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Soc Sci Med. 2014 Feb;102:174-82. doi: 10.1016/j.socscimed.2013.11.025. Epub 2013 Nov 21.

Income inequality and sexually transmitted in the United States: who bears the burden?

Author information

1
Harvard School of Public Health, USA. Electronic address: gharling@hsph.harvard.edu.
2
Harvard School of Public Health, USA.
3
Harvard School of Public Health, USA; Africa Centre for Health and Population Studies, South Africa.

Abstract

Three causal processes have been proposed to explain associations between group income inequality and individual health outcomes, each of which implies health effects for different segments of the population. We present a novel conceptual and analytic framework for the quantitative evaluation of these pathways, assessing the contribution of: (i) absolute deprivation - affecting the poor in all settings - using family income; (ii) structural inequality - affecting all those in unequal settings - using the Gini coefficient; and (iii) relative deprivation - affecting only the poor in unequal settings - using the Yitzhaki index. We conceptualize relative deprivation as the interaction of absolute deprivation and structural inequality. We test our approach using hierarchical models of 11,183 individuals in the National Longitudinal Study of Adolescent Health (Add Health). We examine the relationship between school-level inequality and sexually transmitted infections (STI) - self-reported or laboratory-confirmed Chlamydia, Gonorrhoea or Trichomoniasis. Results suggest that increased poverty and inequality were both independently associated with STI diagnosis, and that being poor in an unequal community imposed an additional risk. However, the effects of inequality and relative deprivation were confounded by individuals' race/ethnicity.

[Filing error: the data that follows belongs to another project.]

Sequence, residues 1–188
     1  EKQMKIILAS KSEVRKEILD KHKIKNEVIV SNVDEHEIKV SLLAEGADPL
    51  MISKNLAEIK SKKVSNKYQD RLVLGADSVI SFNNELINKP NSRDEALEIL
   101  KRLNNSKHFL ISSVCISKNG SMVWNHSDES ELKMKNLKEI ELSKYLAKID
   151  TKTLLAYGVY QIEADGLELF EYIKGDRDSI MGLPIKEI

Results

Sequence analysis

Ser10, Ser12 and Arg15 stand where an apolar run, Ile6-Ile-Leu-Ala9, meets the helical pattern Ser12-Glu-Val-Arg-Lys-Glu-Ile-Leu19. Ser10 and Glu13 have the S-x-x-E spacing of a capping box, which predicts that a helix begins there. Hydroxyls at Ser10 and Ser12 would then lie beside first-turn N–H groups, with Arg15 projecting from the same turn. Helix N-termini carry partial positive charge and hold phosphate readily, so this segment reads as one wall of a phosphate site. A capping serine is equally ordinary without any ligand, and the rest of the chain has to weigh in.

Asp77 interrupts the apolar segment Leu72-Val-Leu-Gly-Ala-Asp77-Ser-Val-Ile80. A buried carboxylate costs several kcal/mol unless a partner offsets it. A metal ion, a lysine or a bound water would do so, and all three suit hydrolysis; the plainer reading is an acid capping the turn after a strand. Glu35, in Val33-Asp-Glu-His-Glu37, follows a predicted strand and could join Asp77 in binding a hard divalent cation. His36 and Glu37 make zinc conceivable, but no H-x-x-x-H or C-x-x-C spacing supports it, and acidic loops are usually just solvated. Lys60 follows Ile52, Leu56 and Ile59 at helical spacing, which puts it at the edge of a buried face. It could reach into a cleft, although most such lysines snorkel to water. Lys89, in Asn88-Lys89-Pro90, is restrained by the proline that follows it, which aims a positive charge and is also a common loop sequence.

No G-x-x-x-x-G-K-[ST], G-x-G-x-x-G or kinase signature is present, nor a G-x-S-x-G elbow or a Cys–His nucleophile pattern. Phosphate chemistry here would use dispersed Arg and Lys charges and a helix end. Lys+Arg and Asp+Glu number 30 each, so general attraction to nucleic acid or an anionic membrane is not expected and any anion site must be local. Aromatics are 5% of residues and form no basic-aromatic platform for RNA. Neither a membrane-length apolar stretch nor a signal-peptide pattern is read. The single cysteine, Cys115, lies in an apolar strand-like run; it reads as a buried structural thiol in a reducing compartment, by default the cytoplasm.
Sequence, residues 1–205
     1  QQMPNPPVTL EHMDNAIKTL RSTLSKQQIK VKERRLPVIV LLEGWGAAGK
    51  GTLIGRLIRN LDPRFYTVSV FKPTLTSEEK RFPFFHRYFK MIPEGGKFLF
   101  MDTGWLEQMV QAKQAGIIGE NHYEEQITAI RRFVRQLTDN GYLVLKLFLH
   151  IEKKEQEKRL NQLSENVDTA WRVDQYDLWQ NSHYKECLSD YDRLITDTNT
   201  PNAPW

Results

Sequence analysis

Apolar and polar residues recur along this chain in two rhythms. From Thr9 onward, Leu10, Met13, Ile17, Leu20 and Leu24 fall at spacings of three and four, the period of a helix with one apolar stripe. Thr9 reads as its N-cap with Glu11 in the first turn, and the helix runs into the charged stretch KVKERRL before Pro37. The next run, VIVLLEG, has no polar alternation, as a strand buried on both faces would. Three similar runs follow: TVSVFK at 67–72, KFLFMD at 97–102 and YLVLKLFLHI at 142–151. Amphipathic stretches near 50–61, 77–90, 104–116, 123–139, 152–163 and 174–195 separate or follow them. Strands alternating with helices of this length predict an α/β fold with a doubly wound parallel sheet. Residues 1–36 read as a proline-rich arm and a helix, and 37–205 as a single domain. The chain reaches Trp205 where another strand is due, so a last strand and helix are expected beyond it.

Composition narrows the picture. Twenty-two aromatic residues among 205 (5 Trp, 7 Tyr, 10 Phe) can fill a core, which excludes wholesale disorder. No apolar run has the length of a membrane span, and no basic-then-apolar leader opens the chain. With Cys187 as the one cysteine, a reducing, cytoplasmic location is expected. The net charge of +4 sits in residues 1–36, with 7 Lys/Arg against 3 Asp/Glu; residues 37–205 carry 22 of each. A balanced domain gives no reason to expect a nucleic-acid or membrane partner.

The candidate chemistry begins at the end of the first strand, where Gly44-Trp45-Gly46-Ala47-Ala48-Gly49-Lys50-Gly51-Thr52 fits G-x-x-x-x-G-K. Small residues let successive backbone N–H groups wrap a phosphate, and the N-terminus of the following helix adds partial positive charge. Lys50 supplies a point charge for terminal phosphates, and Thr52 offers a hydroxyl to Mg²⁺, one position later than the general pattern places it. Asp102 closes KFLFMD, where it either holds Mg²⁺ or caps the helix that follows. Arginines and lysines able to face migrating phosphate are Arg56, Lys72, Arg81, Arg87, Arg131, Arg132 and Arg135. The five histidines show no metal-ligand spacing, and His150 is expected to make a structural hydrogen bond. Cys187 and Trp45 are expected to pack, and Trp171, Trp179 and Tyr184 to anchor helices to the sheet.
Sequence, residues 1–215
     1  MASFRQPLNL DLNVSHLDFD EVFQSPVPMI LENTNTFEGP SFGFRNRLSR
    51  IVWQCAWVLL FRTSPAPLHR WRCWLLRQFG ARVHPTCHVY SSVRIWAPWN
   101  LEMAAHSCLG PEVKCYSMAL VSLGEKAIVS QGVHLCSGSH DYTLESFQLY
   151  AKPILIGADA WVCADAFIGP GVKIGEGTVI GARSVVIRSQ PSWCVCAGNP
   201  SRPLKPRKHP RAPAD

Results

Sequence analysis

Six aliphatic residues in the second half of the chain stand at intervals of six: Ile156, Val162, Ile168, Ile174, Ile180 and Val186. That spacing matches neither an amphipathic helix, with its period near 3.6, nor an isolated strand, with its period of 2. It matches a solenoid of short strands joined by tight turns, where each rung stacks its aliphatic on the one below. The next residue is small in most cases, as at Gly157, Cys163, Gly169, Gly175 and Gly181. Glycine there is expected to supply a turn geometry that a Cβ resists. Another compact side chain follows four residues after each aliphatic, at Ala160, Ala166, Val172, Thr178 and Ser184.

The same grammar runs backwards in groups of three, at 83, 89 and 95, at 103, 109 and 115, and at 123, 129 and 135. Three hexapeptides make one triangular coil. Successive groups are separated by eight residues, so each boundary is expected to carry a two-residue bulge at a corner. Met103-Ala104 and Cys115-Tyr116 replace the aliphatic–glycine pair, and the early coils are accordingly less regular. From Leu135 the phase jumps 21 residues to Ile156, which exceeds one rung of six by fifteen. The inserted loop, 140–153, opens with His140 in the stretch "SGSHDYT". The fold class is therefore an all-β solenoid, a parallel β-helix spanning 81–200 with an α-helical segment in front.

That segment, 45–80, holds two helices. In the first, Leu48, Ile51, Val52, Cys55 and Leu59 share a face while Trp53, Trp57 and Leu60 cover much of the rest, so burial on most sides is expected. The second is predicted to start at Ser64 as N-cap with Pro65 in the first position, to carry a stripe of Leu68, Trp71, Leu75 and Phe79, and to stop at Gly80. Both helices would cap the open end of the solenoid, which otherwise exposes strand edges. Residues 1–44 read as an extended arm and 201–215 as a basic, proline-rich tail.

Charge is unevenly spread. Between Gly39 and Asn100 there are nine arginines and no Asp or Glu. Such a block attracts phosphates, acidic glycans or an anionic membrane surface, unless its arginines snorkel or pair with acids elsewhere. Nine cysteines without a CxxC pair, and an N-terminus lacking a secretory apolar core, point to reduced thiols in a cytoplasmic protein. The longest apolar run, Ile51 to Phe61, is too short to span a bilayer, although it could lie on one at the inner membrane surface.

KEYWORDS:

Add Health; Income; Income inequality; Relative deprivation; Sexually transmitted infections; United States

PMID:
24565155
DOI:
10.1016/j.socscimed.2013.11.025
[Indexed for MEDLINE]
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